Animated Louis CK Shows Demonstrates How “Animation Lets You Do Anything”

Father­hood is a fer­tile sub­ject for come­di­an Louis C.K.

Kids do say the darnedest things, but Louis’ obser­va­tions reveal the depth of his invest­ment.

He lit out after stan­dard­ized test­ing and the Com­mon Core on Twit­ter.

He made a pas­sion­ate case against giv­ing kids smart­phones to Conan O’Brien.

Is it any won­der that the “dumb­er, fun­nier” ver­sion of him­self he cre­at­ed for his TV show is pre­oc­cu­pied and often thwart­ed by his respon­si­bil­i­ties as the sin­gle dad of two young daugh­ters?

(Real life may pro­vide inspi­ra­tion, but the writer and star dis­plays appro­pri­ate bound­aries when he says that his actu­al daugh­ters are marked­ly dif­fer­ent char­ac­ters than their TV coun­ter­parts.)

But the knife of father­hood cuts both ways. Louis’ trou­bled rela­tion­ship with his own dad gets less atten­tion than the father-daugh­ter bond, but it’s there in his work. The prospect of spend­ing time with his estranged father caus­es the fic­tion­al Louis to vom­it at the din­ner table in sea­son three.

The ani­mat­ed approach seen above, gives Louis more con­trol over the sit­u­a­tion. Ani­ma­tion, like read­ing, makes pos­si­ble flights of fan­cy where­in children—including grown ones like Louis—can do “absolute­ly any­thing.” Fly­ing and using a rain­bow as a slide are among the fan­tas­ti­cal activ­i­ties the 2‑D Louis sam­ples. Mean­while, the qual­i­ty of his nar­ra­tion con­veys an under­ly­ing dis­taste for the sort of canned “imag­i­na­tive” sug­ges­tions foist­ed on chil­dren by well-mean­ing edu­ca­tion­al pro­gram­mers.

Left to their own devices, most kids will come up with sce­nar­ios and pow­ers far weird­er than any­thing ped­dled to them by an adult. Why “swim through the ocean like a fish” when you can anthro­po­mor­phize your elder­ly father as a malev­o­lent spi­der, lodged in your chest, poop­ing out reg­u­lar lit­tle “infes­ta­tions of hate”?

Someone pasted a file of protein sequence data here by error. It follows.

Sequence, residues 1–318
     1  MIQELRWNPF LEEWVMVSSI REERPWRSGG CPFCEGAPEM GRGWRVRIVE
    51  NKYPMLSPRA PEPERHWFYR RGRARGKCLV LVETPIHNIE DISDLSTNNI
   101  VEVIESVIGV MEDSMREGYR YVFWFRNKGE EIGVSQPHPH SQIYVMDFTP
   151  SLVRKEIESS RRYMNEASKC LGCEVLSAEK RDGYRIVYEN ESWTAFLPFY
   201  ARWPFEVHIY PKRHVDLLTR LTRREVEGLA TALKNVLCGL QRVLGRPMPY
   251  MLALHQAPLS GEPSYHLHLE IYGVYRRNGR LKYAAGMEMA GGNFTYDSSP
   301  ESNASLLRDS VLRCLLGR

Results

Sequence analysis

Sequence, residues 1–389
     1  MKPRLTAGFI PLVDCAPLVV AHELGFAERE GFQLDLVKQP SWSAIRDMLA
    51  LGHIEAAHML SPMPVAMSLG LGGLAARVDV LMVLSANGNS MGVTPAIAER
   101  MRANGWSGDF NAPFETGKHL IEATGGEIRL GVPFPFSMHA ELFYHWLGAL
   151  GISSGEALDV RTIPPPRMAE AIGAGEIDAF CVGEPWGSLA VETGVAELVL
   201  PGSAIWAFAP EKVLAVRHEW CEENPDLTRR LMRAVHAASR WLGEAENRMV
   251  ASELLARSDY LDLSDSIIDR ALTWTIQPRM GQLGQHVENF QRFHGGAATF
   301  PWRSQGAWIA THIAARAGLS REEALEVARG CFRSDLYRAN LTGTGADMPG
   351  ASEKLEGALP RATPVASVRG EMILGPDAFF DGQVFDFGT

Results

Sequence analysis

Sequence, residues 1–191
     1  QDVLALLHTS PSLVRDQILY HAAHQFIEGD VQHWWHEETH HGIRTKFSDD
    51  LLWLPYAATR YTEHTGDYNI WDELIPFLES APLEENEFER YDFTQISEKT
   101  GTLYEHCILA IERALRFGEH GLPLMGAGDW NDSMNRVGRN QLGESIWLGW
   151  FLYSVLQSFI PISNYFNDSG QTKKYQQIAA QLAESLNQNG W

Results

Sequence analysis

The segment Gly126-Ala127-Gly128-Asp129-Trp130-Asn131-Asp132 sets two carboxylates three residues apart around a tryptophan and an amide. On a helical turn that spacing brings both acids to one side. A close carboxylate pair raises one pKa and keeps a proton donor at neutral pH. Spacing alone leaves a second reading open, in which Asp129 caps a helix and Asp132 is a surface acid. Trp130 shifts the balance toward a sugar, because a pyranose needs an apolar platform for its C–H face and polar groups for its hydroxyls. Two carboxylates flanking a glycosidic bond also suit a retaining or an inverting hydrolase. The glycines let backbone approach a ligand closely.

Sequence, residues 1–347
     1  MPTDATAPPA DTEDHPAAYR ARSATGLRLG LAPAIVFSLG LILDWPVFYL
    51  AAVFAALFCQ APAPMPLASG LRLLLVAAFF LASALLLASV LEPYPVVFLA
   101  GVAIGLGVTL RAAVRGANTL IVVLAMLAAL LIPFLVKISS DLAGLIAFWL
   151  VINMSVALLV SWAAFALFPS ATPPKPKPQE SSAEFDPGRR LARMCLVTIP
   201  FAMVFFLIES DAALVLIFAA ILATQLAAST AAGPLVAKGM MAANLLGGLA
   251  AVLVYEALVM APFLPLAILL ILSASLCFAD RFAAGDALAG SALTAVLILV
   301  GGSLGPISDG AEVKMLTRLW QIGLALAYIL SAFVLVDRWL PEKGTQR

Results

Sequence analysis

Ani­ma­tion lets you go all the way, and C.K. cer­tain­ly does, lop­ping off heads, and (SPOILER!) inad­ver­tent­ly Bon­nie and Clyd­ing him­self from with­in.

Someone’s made a lot of progress since the 90’s, when he used his time on Dr. Katz’s ani­mat­ed couch to dis­cuss K‑Mart and Chips Ahoy.

Relat­ed Con­tent: 

The Sur­re­al Short Films of Louis C.K., 1993–1999

Sein­feld, Louis C.K., Chris Rock, and Ricky Ger­vais Dis­sect the Craft of Com­e­dy (NSFW)

20-Year-Old Louis CK Per­forms Stand Up (1987)

Ayun Hal­l­i­day is an author, home­school­er, and Chief Pri­ma­tol­o­gist of the East Vil­lage Inky zine. Fol­low her @AyunHalliday

by | Permalink | Comments (0) |

Sup­port Open Cul­ture

We’re hop­ing to rely on our loy­al read­ers rather than errat­ic ads. To sup­port Open Cul­ture’s edu­ca­tion­al mis­sion, please con­sid­er mak­ing a dona­tion. We accept Pay­Pal, Ven­mo (@openculture), Patre­on and Cryp­to! Please find all options here. We thank you!

Leave a Reply

Open Culture was founded by Dan Colman.